Birds in the News

Meet the Littlest Tribute to the Late, Great David Bowie: A Baby Penguin

The bird’s name was chosen before news broke of the musician’s death.

Rock genius and glamour god David Bowie was an odd bird, and proud of it. So it's fitting that just days before the artist's death yesterday from cancer, another odd bird was named in his honor—a newborn Little Penguin that hatched last week at a zoo in Ohio.

Last Thursday, when officials at the Cincinnati Zoo and Botanical Garden, which hosts the largest Little Penguin colony in North America, realized that one of their chicks was starting to break out of its shell, they put out a call on Facebook asking for naming suggestions. The chick was born the next day, weighing in at less than half an ounce, and was promptly named “Bowie,” as per popular opinion. (Friday also marked the legendary artist's 69th birthday, and the release date of what turned out to be his final album.)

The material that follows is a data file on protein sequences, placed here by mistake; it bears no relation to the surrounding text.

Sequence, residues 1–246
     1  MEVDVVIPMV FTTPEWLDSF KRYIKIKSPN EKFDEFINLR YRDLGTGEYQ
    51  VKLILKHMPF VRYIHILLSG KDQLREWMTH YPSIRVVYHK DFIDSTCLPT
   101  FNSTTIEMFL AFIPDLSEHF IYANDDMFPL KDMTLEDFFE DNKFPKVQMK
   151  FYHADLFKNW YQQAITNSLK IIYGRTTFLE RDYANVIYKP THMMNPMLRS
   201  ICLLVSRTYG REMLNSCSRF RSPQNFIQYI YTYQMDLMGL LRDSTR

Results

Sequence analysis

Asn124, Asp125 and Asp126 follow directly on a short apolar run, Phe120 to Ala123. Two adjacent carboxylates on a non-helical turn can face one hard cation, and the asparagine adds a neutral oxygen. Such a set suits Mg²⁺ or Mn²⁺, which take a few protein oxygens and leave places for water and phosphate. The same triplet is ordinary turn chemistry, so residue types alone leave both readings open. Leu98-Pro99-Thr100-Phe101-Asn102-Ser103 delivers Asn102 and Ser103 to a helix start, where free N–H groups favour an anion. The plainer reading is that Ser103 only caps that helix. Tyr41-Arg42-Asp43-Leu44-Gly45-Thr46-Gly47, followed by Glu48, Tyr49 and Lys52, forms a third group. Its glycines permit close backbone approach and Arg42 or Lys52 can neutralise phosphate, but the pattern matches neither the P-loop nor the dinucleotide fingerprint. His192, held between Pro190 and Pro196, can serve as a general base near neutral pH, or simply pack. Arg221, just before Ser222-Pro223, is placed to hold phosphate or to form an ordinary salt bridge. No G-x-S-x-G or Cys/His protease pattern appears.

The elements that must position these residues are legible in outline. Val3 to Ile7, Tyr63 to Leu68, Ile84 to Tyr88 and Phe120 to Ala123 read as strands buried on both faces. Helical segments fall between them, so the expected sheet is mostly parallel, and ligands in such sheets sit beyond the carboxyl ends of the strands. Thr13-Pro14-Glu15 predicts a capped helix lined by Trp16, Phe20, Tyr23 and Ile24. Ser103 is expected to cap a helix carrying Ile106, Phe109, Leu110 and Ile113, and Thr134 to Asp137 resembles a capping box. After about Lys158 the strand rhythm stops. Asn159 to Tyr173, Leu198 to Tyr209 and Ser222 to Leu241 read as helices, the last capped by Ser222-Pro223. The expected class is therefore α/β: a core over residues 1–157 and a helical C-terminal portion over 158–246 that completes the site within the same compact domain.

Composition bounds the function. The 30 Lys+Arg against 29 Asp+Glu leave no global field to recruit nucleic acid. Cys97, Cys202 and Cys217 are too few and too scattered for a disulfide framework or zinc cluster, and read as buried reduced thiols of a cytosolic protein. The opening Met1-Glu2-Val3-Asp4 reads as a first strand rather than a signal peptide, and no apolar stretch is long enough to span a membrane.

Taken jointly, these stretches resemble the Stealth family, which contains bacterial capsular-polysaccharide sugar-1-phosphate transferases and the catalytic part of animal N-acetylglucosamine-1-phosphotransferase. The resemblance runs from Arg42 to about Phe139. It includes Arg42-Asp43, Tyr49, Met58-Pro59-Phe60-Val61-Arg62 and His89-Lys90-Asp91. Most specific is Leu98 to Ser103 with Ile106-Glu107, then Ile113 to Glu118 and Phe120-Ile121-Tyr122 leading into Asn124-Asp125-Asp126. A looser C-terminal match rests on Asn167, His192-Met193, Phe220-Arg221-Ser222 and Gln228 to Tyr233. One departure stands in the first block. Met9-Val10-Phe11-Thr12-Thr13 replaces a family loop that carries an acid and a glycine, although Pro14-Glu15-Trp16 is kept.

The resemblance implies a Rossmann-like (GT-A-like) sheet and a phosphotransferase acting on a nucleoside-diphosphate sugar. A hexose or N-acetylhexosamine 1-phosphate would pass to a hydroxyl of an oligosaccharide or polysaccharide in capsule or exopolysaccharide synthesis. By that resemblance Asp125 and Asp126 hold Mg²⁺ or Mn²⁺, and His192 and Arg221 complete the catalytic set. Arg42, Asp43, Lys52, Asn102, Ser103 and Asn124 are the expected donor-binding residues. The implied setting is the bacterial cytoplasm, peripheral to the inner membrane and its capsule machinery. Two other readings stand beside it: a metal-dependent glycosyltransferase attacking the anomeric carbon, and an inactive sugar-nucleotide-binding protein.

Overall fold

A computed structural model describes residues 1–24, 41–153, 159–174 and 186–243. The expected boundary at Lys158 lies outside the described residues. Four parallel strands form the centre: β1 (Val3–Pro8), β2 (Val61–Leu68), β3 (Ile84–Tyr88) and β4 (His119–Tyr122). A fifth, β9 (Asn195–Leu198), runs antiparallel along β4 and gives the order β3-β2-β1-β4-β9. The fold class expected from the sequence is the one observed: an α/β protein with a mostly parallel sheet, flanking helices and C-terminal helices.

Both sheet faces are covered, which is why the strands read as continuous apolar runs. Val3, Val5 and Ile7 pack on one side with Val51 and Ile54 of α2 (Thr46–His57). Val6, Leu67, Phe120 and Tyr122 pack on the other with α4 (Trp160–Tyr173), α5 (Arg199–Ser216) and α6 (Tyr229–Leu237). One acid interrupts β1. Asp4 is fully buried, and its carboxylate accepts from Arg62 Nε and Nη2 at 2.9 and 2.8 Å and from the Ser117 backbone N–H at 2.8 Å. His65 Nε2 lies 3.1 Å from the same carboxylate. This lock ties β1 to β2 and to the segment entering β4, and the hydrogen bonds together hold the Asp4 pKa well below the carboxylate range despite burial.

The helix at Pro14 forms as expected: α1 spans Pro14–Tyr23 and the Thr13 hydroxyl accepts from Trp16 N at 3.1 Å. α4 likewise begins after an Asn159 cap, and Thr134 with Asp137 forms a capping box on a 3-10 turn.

That the timing of the christening fell right before Bowie's death was a "strange coincidence," says Cody Sowers, the zoo’s senior aviculturist and seabird specialist. But he adds that the name is a perfect fit, given that Little Penguins, like the musician, tend to march to the beat of their own drum. They don't look much like other penguins—unlike their black-and-white cousins, these birds have an almost blue-ish cast to their coat—and at just about a foot high they're the tiniest penguin species. They also prefer beaches to ice floes, living only on the Chatham Islands of New Zealand and the southern shoreline of Australia. Little Penguins don't fly either—an aversion Bowie famously shared.

Sowers says the chick has been testing out its vocals on the zoo's avicultural staff, and it's gaining 10-15 percent of its weight each day thanks to its giant appetite. For now, its sex is still up in the air—once the chick reaches two months old the zoo will use DNA analysis to figure out if it’s male or female. Either way, "Bowie" will stay, says Sowers—appropriate for a chick whose namesake was famed for challenging gender norms.

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